Who most influenced your decision to pursue business in college? In my case, it was less of a who and more of a what that influenced my decision to go to business school. I’d spend most of my professional career in the apparel industry – and much of it working with manufacturers in SE Asia. I loved my job and had fun working on projects where I could see someone wearing a garment on the street that was the final outcome of my work. As time went on, I started recognizing that many of the practices in the industry did not align with my values.
Simultaneously, I started volunteering and leading Global Village teams with Habitat for Humanity. My teams and I would go to remote communities in countries like Guatemala or Nepal to partner with families and help them build decent places to live. But what I couldn’t get out of my head was how much the communities in which I volunteered looked like the communities in which garments were manufactured. It may have been different countries, but these were people who didn’t have much and didn’t have much choice.
Coming from a developing country myself, I wanted more for these communities. I grew up in the wake of the dissolution of the Soviet Union when Armenia went through an energy crisis. Put more simply: I grew up without electricity or running water. So I knew what it was like to make tough choices: my parents’ generation had to choose between having firewood to keep their children warm and preserving the forests in Armenia, and I think the country’s ecology is still recovering.
It was the confluence of these realizations that made me want to go to business school. I wanted to learn what the financial outcomes of making sustainable decisions could look like, and how to successfully lead an organization while incorporating social context and environmental stewardship into its governance.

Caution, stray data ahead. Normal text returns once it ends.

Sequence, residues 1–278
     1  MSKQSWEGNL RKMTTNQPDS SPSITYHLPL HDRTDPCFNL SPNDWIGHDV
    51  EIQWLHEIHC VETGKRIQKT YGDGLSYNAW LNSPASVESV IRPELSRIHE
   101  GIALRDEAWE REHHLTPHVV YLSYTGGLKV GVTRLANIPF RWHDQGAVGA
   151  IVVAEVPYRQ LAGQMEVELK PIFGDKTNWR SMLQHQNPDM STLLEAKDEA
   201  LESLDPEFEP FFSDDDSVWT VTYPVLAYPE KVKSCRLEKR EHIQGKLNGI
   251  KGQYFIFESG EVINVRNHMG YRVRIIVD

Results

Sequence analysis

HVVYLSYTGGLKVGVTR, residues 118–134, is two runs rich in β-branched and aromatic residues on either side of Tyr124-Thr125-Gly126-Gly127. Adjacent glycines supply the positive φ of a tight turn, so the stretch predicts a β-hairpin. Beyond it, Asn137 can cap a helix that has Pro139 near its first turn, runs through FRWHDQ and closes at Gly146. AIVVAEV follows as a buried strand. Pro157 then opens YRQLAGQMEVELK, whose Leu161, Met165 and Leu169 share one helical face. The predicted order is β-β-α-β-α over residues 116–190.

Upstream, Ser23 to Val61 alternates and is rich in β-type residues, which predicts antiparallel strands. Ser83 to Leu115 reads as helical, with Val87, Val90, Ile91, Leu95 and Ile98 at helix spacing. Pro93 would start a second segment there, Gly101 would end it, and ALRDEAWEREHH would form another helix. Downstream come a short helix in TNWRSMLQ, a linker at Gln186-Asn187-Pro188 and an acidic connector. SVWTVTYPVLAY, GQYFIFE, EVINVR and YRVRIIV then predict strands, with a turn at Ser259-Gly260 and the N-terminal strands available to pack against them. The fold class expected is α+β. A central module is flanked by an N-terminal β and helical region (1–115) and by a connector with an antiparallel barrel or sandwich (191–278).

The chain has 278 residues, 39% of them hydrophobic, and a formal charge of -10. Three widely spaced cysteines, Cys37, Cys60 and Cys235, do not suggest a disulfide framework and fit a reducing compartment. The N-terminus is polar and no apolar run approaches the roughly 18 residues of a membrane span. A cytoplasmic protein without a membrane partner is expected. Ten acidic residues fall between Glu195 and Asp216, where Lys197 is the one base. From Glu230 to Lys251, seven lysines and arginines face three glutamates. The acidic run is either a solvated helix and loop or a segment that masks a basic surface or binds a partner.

What are the top two items on your professional bucket list? Not really a bucket list per se, but professionally I want to be a part of the movement in the retail/CPG industry that helps our society move past consumerism and leverages the rental economy, more sustainable materials, more socially conscious manufacturing, etc. to ensure the longevity of our planet and our already-scarce resources.
In one sentence, how would you like your peers to remember you? I hope they remember me as reliable, always willing to help, and deeply dedicated to the community.
Hobbies? I love running, hiking, and dancing Brazilian Zouk with my partner. At the moment, I’m spending a lot of time practicing my circus skills: aerial hoop and handstands.
What made Nari Malkhasyan such an invaluable addition to the Class of 2020?
“She is the soul of the Class of 2020. From the time she came to campus, she has had an impact on students, faculty, and the spirit of her class and the class behind her. If you wonder who is organizing the Marketing Learning community, it is Nari. If you wonder who is helping the first years get acclimated, find an internship, and not totally stress out, it is Nari. If you wonder who is intellectually pushing faculty because of her curiosity or push fellow students to think deeper, it is Nari. I have never seen one student impact the entire community- students, faculty, and the program, as much as Nari has.
During the two classes in which I have been fortunate to have Nari as a student, I have seen her inquisitive mind push the discussion so that all students delve into more thought-provoking and interesting content. Her organizational skills had her jump into action and rally the class when an experiential project with a live client almost went off the rails. Others respected her in taking that role, yet she provided space for each student to also be able to excel on their own, an important part of Nari’s uniqueness. While she leads, she doesn’t take over. In her leadership she opens the door to allow others to go through yet doesn’t compromise her high standards and intellect in doing so. In the end, we are all better.
Ms. Patricia Lynne Hambrick
Senior Lecturer, Questrom School of Business